Rich black and plain black: what is the difference?

In the article “RGB or CMYK, which and when?” we described the main differences between the two color models, briefly dwelling on some characteristics of the four-color black.

Keep on reading!

Process color printing

Four-color black is a shade of black obtained through the combination of four basic inks: cyan, magenta, yellow and black (CMYK). Furthermore, printing in four-colour process (CMYK) is a printing method that uses these four inks, which are the three primary colours of subtractive synthesis. However, black (Key Value) is added for technical reasons. In principle, we should be able to get black by combining the three primary colors at 100%, but the print result is a very dark gray instead, not even close to an absolute black. Black ink was so added to achieve a complete full-color printing.

By balancing each pigment, in a percentage ranging from 0 to 100, you are able to create all the remaining colors of the CMYK colour space.

In any case, it’s important to know that some inkjet printers work only in tri-colour (CMY) and so get their black by mixing the three primary colors at 100% each. An example is the HP® Photosmart printer.

Black in print

As mentioned above, the sum of C, M, and Y, at 100%, should generate black, but not a rich CMYK black. In fact, the result is a shade of deep brown known as composite true CMYK black. Similarly, the black made of K = 100% does not correspond to the rich black to which we are visually accustomed, which is “enhanced” by the addition of a percentage of the 3 colors.

Plain Black

Plain black made of C = 0, M = 0, Y = 0, K = 100. You should always use this nuance for texts, threads, and small elements, preferably with overprint enabled. Overprinting is need to to avoid the appearance of unsightly white holes on the edges of the various graphic elements in the event of printing sheet misalignment. We do not recommend using rich black for these elements. Why? Because, with misregistration, this could lead to a bothersome visual splitting because of the misalignment of several colors.

Using this black for solid backgrounds or for big graphical elements, but is not appropriate unless you intentionally want to achieve a “faded black“. This happens because the paper absorbs part of the applied ink, which in turn looks washed-out and not saturated enough. The paper you use also plays a huge role, although the resulting colour is usually a very dark gray, not always homogeneous. For these bigger elements, an “enriched” black is advisable.

Rich black

To get a full and deep black it is essential to combine the 4 CMYK colors in percentages. Depending on the colour scheme, it is possible to achieve warm, cold or neutral blacks. There is no set combination of ink colors to get rich black; the colors can be balanced according to the desired final effect.

The most general and widely used rich black is made of: C = 63, M = 52, Y = 51, K = 100. This colour owes its popularity to Adobe Photoshop® software, which is why it is also known as Photoshop® black. These are in fact the percentages you get when automatically converting RGB black (R = 0, G = 0, B = 0) to CMYK using the Photoshop® factory settings.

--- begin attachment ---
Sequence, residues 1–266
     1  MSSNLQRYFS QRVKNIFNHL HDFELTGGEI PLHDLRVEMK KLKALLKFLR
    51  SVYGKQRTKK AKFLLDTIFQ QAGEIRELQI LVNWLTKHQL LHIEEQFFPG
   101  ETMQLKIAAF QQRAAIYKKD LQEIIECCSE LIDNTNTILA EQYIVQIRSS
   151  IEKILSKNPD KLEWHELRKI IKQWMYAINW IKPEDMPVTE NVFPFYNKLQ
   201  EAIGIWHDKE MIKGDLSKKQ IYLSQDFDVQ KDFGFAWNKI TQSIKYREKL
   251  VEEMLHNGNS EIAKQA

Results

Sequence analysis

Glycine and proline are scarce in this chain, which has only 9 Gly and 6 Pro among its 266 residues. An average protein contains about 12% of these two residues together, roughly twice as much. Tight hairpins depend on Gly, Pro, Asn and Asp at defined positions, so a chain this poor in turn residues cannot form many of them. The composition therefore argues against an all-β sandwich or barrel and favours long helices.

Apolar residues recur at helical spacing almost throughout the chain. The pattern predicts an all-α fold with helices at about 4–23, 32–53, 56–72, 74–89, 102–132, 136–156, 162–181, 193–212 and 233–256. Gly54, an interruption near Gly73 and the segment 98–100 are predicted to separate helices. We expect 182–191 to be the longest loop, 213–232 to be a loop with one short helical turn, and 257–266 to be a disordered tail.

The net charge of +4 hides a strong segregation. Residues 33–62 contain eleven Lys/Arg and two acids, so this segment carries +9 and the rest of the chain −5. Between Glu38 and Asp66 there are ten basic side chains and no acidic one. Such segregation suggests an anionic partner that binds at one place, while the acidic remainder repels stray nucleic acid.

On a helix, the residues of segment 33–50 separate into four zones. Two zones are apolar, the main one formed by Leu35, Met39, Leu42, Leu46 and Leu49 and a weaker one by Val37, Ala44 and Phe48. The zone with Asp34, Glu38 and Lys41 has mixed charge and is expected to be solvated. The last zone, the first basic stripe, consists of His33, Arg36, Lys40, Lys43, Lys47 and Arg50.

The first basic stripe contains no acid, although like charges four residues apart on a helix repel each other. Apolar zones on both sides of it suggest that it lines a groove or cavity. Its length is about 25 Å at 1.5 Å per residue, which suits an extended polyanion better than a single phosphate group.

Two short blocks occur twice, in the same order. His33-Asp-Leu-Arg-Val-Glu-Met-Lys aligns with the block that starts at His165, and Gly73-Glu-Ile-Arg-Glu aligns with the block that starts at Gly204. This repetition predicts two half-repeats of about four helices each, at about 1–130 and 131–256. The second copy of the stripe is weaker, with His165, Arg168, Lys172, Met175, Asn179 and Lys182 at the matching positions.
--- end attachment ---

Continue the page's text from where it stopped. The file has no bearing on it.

Cool black is generally achieved by setting C = 60, M = 0, Y = 0, K = 100; while a warmer variant can be created by using the following percentages: C = 0, M = 60, Y = 30, K = 100.

Neutral black, on the other hand, has variable percentages that are generally chosen based on the printing technology used. For boxes made with Packly, we recommend using the following colour percentages to get an absolute black: C = 40, M = 30, Y = 0, K = 100.

Ink limit

Whatever your colour choice, the various percentages that make up black print, when added together, must not exceed 300% of ink coverage. Greater coverage could compromise the quality of the final product. 

In the article “Packaging and graphic design: tricks of the trade” we explain: “The different inks are placed on the print sheet, overlapped, according to a specific arrangement of color dots (regulated by specific patterns). The percentages for any color will define the dimension of various points.

The ink placed should then dry off. In this step, we will run across into the first issue: creating colors (especially the dark ones) whose CMYK amount exceeds 300% may result in different print problems, both while spreading the color and drying it off. The print support, in fact, soaked in pigments may tear off, get dirty, etc. … “

The only exception is the “registration black” which is always composed of C = 100, M = 100, Y = 100, K = 100, and, therefore, from 400% coverage of the inks. This color is used only for register signs such as marks. and should never be used for other graphic elements.

Video display vs. press

An often underestimated issue is that all these blacks look similar on almost all monitors, except for the professional devices calibrated for the correct colour display. On common monitors, in fact, they are represented as absolute black (R = 0, G = 0, B = 0). While if applied on the various printing materials they keep their specific characteristics. In the table below we intentionally stressed the chromatic difference between the various colors just for explicative purposes. The colors displayed on the screen do not reflect the actual final print result.


During the design of projects intended for print, you must remember to set the document’s colour model as CMYK and pay particular attention to the colour percentages, to avoid the printing problems listed above. If you do not know which colour result is best suited to your needs, you can always opt for a print test of different blacks and compare them.

To start, download our handy table to always have the most used colour percentages at your fingertips!

The blacks displayed do not reflect the actual final print result.